Hope springs eternal

      It’s bad enough as a driver. As a winter cyclist, the worse problem is when people plow their driveways into the street / bike lanes. In traffic lanes this snow gets squashed into merely annoying ridges. Nearer the curb, they freeze into hazardous ridges of ice.

  3. Submitted by Bill Willy on 02/04/2016 - 10:32 am.

    The Iron Bubble

    Anyone interested in the “unique circumstances” involved in the current state of boom/bust life on the Range will find these two articles interesting as can be. While I’m sure the Washington Post will send people who will do an excellent job, I can’t help but wish someone would have thought to call and send Matt Taibbi instead. He’s the journalist that wrote these two articles and while it should be noted his articles contain “adult language,” they also contain some of the best, most engaging non-fiction writing I’ve read. And, in this case, the subject he covers appears to be directly connected to the situation right here at home:

    The Great American Bubble Machine (April 5, 2010)

    “From tech stocks to high gas prices, Goldman Sachs has engineered every major market manipulation since the Great Depression — and they’re about to do it again”


    The Vampire Squid Strikes Again: The Mega Banks’ Most Devious Scam Yet (February 12, 2014)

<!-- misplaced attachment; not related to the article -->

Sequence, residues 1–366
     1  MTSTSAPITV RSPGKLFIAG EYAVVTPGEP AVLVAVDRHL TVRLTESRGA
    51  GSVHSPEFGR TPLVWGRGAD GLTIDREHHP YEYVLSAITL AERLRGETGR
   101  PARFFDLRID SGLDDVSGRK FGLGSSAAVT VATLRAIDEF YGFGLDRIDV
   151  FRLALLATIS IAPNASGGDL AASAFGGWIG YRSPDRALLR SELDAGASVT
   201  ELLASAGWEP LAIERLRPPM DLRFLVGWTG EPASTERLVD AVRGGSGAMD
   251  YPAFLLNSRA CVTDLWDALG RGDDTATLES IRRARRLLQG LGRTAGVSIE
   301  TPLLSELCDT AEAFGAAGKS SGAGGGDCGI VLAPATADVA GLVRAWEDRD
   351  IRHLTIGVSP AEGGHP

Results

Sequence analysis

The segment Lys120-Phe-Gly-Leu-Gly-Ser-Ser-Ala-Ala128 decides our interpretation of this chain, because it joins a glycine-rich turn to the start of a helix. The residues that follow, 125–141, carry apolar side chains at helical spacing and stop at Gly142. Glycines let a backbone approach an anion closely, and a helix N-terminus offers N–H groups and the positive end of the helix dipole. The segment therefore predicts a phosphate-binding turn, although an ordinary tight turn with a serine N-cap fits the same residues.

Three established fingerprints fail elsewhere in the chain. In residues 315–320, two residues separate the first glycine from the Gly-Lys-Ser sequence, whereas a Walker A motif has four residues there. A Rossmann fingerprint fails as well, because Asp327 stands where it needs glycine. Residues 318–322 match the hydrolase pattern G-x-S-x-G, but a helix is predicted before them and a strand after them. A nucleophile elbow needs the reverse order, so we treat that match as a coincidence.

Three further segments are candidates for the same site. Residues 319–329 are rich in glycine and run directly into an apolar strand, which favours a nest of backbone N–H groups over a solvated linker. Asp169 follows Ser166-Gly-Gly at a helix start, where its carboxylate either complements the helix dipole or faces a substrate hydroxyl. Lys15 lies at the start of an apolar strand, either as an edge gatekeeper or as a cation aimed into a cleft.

“Banks are no longer just financing heavy industry. They are actually buying it up and inventing bigger, bolder and scarier scams than ever”


    If you decide to read them bare in mind that prior to 2005 the price of iron ore had been in the $13 to $16 per ton range for at least 15 years. Then, in January of 2005, the price suddenly increased 70% to $28 per ton and kept climbing from there to a peak of — get this — $187.18 per ton in February of 2011!

    So what on earth could have caused the price of iron ore to go from $16/ton to $187/ton in six short years (during “the great recession”) when it had been bouncing between $12 and $16 for years and years? Supply and demand? . . Hmmmmmm. . . Maybe not. See what you think.

    Anyone interested in the proposed Polymet/Glencore Xstrata copper-nickel project will find these articles interesting and potentially enlightening too: As you’re probably aware, the same economic circumstances affecting the iron ore industry are (really) putting the squeeze on those companies too. . . Now would be a (real) good time for copper mining opponents to contact the Governor to remind and encourage him to follow through on his October promise of having an independent outside firm do an evaluation of Polymet’s ability to finance the project. It MAY be that the bubble highlighted in the second article burst at just the right time (if that’s what it was, of course).

    And speaking of Bernie Sanders and Goldman Sachs paying Hillary (and Bill) Clinton millions of dollars in speaking fees, anyone interested in those things will find the articles more than a little interesting, no doubt.

  4. Submitted by Jim Million on 02/04/2016 - 12:12 pm.

    State Auditor’s Office Mission

    “to examine the ‘efficiency’ of the audits Otto’s staff conducts on counties.”

    The charge was not to examine the efficiency of the State Auditor’s Office. Perhaps the charge to audit “efficiency” was misguided. Process is not necessarily quantitative, or sometimes even qualitative with respect to outcomes.

    The Auditor’s Office most always performs decisively and conclusively.